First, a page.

Don’t lose track of your pension especially when you move job!
If you had thousands in a bank savings account, you would remember keep a good eye on it. You should think about your pension like that.
Do you know and understand where your pension is invested? Or even how much is there?
As we go through life most of us will work in multiple businesses and industries, hopefully contributing to your towards your retirement along the way. It’s important to keep track of everything.
However if you have lost track of a pension from a previous employer, all is not lost.
The first step is to get all the necessary information. A simple signature on a letter of authority and the fund management company is legal obliged release the information to your broker.
Once we have the information, you can begin to make informed choices. We will help you to understand those options.
When you are in a company scheme, you are one member of a scheme. Often the employer will match some or all your contributions which makes it a really good investment when you take the tax relief into account.
For example, if you put 5% of your salary and your employer puts 5% into your fund, this would be costing you a net amount of 3% of your salary after tax relief (assuming you are a higher rate tax payer). This means it will cost you just 3% to have 10% of your salary invested in a pension.
After leaving employment, many people choose to move their money out of the scheme and into a policy in their own name. This is called a Personal Retirement Bond or Buy-Out-Bond. This gives you control over how your money is invested.
The three key areas that are important when it comes to your pension are;
The performance of your pension can make a huge difference over the decades that it is invested in. This could be the difference between a comfortable retirement and struggling in old age so it is vital that the performance and risk level be suitable to you the whole way through from start to retirement. This will change throughout your life.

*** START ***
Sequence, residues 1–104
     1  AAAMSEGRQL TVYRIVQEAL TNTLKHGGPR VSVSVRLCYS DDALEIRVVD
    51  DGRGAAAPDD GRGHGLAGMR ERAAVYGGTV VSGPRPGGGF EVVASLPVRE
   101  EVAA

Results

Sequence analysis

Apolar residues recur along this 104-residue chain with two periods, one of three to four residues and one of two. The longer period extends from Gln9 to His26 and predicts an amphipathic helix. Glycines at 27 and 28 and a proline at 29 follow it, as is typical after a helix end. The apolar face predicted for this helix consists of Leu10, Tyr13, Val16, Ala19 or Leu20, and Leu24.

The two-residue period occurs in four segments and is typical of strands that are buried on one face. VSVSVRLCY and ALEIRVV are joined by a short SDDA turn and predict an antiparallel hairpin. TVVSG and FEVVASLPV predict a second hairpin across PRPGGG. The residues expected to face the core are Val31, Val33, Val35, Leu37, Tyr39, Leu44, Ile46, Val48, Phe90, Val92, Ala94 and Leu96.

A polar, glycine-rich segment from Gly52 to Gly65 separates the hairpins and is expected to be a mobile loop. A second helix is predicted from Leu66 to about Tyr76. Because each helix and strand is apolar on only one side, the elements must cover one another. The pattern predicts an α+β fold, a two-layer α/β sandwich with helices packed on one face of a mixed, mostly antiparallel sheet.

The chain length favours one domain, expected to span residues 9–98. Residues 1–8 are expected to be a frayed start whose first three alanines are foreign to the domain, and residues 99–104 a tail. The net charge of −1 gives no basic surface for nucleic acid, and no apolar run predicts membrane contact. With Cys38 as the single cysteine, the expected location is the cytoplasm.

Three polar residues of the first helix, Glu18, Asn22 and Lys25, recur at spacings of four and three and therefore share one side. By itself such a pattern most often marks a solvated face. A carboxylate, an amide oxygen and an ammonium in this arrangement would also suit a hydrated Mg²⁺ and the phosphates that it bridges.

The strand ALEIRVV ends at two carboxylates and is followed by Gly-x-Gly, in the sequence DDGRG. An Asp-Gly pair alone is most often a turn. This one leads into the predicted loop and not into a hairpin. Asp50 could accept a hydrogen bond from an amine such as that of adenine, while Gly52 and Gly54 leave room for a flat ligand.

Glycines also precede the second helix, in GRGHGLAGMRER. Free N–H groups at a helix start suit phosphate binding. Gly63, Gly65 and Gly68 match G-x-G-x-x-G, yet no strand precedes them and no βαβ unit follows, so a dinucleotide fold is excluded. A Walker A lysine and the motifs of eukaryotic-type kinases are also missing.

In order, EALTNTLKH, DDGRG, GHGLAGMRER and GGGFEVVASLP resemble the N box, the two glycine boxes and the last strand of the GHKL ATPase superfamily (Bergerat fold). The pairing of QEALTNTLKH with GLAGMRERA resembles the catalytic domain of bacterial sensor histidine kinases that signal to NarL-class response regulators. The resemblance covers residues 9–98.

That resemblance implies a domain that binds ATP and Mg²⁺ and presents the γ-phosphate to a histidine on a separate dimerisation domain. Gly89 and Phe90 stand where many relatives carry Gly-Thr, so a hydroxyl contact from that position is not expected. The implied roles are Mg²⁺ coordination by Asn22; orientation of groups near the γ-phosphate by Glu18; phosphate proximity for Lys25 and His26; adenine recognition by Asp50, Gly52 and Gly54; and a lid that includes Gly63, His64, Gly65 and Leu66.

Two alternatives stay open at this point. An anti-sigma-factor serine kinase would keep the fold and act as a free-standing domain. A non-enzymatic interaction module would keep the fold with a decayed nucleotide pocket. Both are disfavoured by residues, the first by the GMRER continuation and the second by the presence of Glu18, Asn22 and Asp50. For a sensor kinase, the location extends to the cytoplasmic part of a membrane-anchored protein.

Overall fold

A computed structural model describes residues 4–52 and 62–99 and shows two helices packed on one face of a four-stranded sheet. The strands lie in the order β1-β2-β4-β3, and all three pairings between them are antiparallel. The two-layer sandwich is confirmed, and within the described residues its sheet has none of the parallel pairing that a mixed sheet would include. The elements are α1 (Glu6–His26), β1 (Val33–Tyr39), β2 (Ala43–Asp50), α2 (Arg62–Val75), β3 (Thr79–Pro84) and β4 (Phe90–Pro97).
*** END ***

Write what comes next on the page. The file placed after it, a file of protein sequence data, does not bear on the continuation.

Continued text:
When you are young, you are naturally more tolerant to risk and seeking a higher return, you also have a lot of time to recover from any market slumps. When you get older the tendency is towards being more risk-averse, not wanting to lose a chunk of your hard-earned retirement pot just before retirement when you don’t have the time to recover from such a loss.
We will know what your tolerance for risk is by having you complete a risk profile questionnaire. This is a short questionnaire that you should complete every 2-3 years to make sure that your funds are appropriately invested according to the risk you are willing to take.
The performance above, with the vast majority of people, will only be achieved with the help of a financial advisor.
After figuring out what you want from your pension on retirement, your risk tolerance level and how much you can afford to invest now, the advisor will recommend some appropriate providers and funds for you to consider and explain why they suit your needs.
This should be reviewed every 2-3 years at least to make sure it is still correct and to keep up with any changes in your own circumstances. As people get older and move towards retirement, their lives change. Children grow up, mortgages and other loans get paid off. This should increase the amount of disposable income available to invest and boost the pension pot.
This is a very important area as fees directly impact the growth rate of the pension fund. Also to be considered here is the fact that some of the better performing funds have higher management charges. Sometimes you pay for what you get.
So concentrating solely on fees is not a good idea either. It is a trade-off between good performance and advice and fees. Your advisor can talk you through all this and you will be fully aware of what management charges you will be paying.